After three decades in business, What Goes Around Comes Around has an outpost in Beverly Hills and a second boutique recently opened in SoHo. Its client base includes Kendall and Kylie Jenner, Lenny Kravitz and Kate Moss. Items now on sale include an Hermès “clutch” bag ($34,500), a Chrome Hearts alligator zipper case ($3,500), and a Christian Dior leather beanie ($775).
In recent years, as high-end vintage clothing has become a booming business, Weisser and Maione have found themselves competing with venture capital-backed consignment platform RealReal, online marketplace Vestiaire Collective and other similar businesses .
To bolster their e-commerce division, they recently launched an online store, in partnership with Amazon, and began producing a livestream shopping series hosted by bag historian Mason Howell. Episodes include “Gossip Girl Style” and “Inspired by Priscilla Presley.”
“In terms of all of our online competition, we were a little late in pursuing that idea, so we had to decide how to differentiate ourselves,” Weisser said.
Mr Maione expressed the opinion that their rivals buy more indiscriminately. “A lot of it is fluff,” he said. “We deal at a very high level and the only cabinets we go into are the ones we know contain top pieces.”
“That’s why we get stylists and celebrities,” he continued. “Because they know they’ll be the only ones out there wearing something if they got it from us.”
They also reflected on a less obvious advantage they may have over the competition: their decades-long friendship.
“We’ve been through a lot together, from recessions to 9/11,” Maione said. “But we always have each other.”
Their bond, they said, helped them endure a painful downsizing during the pandemic that forced them to close locations in Miami, East Hampton and the Upper East Side. Since 2018 they have also been in litigation with Chanel, which is suing What Goes Around Comes for trademark infringement, a charge they deny. (Chanel, which has a rocky relationship with the luxury resale industry, sued RealReal that same year.)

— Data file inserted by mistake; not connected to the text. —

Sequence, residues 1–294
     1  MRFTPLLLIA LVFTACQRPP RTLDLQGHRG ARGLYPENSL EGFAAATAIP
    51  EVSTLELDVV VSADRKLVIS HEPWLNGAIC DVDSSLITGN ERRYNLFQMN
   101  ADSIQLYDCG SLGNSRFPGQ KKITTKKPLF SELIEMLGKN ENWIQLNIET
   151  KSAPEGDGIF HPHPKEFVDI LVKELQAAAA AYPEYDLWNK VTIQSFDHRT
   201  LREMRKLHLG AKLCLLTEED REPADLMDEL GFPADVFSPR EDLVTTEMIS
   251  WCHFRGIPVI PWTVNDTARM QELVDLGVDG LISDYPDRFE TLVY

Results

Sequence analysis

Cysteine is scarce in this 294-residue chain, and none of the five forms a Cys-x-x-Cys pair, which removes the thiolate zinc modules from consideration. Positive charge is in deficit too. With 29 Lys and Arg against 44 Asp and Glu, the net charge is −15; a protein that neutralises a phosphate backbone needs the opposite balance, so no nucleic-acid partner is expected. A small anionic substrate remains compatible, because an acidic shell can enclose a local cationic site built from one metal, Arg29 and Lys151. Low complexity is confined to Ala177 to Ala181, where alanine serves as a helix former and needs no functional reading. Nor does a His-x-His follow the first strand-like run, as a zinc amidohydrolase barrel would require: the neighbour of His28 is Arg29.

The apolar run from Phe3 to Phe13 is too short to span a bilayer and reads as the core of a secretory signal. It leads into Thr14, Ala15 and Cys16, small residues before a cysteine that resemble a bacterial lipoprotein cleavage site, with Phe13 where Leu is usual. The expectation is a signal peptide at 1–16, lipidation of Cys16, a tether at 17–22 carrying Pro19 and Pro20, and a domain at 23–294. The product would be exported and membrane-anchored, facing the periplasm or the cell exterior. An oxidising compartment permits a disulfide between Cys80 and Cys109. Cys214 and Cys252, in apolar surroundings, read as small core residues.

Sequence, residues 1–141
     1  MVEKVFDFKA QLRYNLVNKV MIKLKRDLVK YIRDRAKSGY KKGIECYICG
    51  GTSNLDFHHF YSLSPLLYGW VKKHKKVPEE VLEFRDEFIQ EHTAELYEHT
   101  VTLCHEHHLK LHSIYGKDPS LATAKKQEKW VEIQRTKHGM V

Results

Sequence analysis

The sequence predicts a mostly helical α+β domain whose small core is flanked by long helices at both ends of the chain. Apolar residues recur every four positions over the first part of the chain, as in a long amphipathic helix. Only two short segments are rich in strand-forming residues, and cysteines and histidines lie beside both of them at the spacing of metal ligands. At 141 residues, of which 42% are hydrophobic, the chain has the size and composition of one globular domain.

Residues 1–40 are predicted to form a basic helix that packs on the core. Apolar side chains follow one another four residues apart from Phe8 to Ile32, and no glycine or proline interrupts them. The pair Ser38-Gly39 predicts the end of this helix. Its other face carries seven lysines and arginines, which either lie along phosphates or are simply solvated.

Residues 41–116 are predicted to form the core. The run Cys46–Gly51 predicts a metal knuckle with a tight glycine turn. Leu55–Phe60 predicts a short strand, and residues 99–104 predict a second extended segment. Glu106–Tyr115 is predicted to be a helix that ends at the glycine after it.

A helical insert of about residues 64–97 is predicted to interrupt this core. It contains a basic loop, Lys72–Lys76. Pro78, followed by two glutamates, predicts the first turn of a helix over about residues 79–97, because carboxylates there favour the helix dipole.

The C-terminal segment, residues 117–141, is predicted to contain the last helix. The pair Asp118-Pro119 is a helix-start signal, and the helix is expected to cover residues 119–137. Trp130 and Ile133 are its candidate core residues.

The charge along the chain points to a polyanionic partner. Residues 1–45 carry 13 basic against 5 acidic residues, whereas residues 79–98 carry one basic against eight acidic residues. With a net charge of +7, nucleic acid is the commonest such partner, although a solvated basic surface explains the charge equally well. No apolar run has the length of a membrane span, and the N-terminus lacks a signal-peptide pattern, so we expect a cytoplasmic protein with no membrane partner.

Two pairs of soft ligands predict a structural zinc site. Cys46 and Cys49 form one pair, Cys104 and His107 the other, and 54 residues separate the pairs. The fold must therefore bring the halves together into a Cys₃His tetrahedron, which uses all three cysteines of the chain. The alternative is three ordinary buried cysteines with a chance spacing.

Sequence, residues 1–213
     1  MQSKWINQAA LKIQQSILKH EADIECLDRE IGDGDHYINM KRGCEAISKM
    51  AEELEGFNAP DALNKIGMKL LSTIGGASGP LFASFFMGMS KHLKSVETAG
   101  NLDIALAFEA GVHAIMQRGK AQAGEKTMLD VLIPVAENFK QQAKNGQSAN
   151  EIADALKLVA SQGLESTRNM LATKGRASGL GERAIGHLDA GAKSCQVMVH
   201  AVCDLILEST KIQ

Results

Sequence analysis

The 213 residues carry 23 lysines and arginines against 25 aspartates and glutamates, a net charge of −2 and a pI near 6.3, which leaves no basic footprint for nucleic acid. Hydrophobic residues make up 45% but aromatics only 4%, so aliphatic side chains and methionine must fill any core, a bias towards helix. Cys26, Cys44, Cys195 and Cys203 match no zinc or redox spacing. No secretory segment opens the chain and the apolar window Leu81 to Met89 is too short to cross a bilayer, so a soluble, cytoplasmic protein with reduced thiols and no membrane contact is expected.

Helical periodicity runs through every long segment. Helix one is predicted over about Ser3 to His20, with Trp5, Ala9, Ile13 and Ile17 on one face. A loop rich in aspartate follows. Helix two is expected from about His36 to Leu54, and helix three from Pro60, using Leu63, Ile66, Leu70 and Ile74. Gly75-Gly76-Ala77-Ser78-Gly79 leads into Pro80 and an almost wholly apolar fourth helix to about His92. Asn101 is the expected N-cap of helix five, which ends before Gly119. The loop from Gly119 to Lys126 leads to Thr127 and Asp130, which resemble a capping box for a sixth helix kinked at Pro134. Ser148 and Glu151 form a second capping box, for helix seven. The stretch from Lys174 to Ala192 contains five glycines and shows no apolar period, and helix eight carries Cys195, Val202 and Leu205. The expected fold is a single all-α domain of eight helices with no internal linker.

When asked how they hunt for vintage clothes these days, Mr. Weisser and Mr. Maione said the details of the acquisition are trade secrets, but admitted that they visit the closets of an eccentric and elegant on Central Park South and who make regular trips to the Paris flea market in Saint-Ouen-sur-Seine.
“We still struggle to get into the best closets,” Weisser said. “Hunting is what keeps us going.”
As evening approached, the two headed through the Holland Tunnel to their 35,000-square-foot warehouse in Jersey City. They entered via freight elevator and toured cavernous warehouses filled with boxes of Rolex watches, packs of T-shirts from 1970s rock concerts and towering stacks of Louis Vuitton monogrammed bags.
They visited their e-commerce team and greeted a member of the authentication division, who was examining a Gucci bag with a magnifying glass for signs of sophisticated counterfeiting. Then they entered a room filled with piles of Levi’s.
Mr. Maione ran his hand over a pair of jeans with some tears in the fabric.
“It’s getting harder and harder to find the old Levi’s stuff,” he said. “There’s not much left out there now. The source of all this is drying up. But denim never goes bad. It just gets better.”